Tensions are rising on Minnesota's Iron Range as a deadline approaches in steelworkers' contract talks.
Labor contracts are set to expire Tuesday for 30,000 American steelworkers. That includes 2,300 on the Iron Range, an area recently hit by 1,400 layoffs.
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Bargaining in Pittsburgh has turned contentious in recent weeks, creating the possibility of more protests and lockouts or even strikes, the Star Tribune (http://strib.mn/1F9Rhh9 ) reported.
Steelworker rallies have been held around the nation, including in Minnesota. Steelworkers plan to form a "practice picket line" on Tuesday at ArcelorMittal Minorca in Virginia, Minnesota.
"People are a bit anxious now because it's coming down to the wire," said Harold Anderson, an ArcelorMittal electrician who has worked in the 310-employee Minorca taconite plant in Virginia for nearly eight years. "People are more concerned this time around than ever."
Union officials contend that U.S. Steel and ArcelorMittal — the world's largest steelmaker — are asking for too many concessions.
Brian Zarn, president of Steelworkers Local 6860 in Eveleth, and other union officials told workers at an Aug. 20 rally in Virginia that U.S. Steel and ArcelorMittal are using the temporary downturn in the U.S. steel market "as an excuse to permanently gut workers' contract language and benefits."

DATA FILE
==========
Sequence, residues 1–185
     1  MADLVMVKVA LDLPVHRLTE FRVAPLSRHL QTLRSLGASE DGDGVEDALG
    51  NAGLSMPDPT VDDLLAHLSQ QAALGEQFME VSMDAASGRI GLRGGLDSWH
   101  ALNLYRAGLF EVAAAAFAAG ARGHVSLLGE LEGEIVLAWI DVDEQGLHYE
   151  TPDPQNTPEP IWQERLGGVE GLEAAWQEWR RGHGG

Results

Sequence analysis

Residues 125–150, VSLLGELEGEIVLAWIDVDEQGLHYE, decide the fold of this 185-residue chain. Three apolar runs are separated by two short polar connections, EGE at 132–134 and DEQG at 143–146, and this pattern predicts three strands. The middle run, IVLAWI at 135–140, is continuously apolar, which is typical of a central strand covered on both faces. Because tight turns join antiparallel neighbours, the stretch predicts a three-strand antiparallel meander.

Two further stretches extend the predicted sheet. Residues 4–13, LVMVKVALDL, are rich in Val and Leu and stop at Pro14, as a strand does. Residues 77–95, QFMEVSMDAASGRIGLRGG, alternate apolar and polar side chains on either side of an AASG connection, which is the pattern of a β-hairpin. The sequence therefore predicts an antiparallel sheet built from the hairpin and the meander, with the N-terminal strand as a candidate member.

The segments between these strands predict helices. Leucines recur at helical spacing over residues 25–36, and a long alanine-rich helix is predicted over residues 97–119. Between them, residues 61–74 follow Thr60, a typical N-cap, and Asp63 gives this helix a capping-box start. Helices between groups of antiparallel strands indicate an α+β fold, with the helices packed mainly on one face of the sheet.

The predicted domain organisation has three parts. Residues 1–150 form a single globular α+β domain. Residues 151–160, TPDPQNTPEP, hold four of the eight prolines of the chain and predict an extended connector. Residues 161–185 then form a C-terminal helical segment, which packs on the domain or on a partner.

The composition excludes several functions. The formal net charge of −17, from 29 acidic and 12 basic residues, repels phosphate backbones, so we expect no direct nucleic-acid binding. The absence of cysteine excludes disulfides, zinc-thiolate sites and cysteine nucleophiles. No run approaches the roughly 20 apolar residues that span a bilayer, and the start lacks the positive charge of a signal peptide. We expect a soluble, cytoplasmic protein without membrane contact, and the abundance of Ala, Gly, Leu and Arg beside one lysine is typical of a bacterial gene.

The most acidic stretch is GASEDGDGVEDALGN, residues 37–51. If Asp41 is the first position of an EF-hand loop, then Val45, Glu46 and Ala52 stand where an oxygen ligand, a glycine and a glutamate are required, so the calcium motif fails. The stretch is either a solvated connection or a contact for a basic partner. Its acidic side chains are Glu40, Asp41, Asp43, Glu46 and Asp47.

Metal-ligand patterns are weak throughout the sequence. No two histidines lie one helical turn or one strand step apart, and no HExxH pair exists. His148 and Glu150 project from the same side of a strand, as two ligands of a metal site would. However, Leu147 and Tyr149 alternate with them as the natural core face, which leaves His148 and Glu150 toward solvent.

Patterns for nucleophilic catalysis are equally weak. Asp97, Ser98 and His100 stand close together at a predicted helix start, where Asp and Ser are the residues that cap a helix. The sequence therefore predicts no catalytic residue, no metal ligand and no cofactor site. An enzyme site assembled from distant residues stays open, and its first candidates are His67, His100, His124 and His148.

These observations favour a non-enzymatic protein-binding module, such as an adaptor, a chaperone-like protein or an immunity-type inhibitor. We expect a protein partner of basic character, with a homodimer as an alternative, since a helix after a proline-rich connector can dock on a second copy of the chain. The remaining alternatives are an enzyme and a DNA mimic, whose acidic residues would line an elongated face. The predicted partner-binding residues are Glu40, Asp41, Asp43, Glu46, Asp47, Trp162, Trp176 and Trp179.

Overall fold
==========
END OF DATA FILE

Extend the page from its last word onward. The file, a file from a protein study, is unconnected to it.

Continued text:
Both U.S. Steel and ArcelorMittal declined to comment to the newspaper. Both have labor contracts with the United Steelworkers that expire Tuesday.
Also not commenting are officials at Ohio-based Cliffs Natural Resources, which has 1,250 employees at northeastern Minnesota operations in Eveleth, Forbes and Hibbing. Cliffs' steelworker contracts expire Oct. 1. Bargaining begins Sept. 8.
In recent weeks, officials at all three companies have cited in statements the troubled industry, historically low iron and steel prices, the big surge in cheap steel imports from China and losing millions of dollars during this latest downturn.
These are "the extremely challenging conditions we continue to face in North America," U.S. Steel CEO Mario Longhi said.
Hibbing Chamber of Commerce President Lory Fedo and Laurentian Chamber of Commerce President Bernie Collins said the 670 businesses they represent on the Iron Range are neutral about labor talks but worry about more purse tightening in the area.
In May, U.S. Steel laid off 812 of its nearly 2,000 workers at its Keetac and Minntac mines and taconite pellet plants in Keewatin and Mountain Iron.
Earlier this month, Cliff's United Taconite laid off 420 workers after idling its plant and mine in Eveleth and Forbes. Magnetation let 20 workers in Keewatin go and then filed for bankruptcy in the spring. Last month, Mesabi Nugget let 200 workers in Chisholm and Hoyt Lakes go.
Only ArcelorMittal, which owns the Minorca Mine and taconite plant just outside Virginia, has not laid off workers in Minnesota.
Information from: Star Tribune, http://www.startribune.com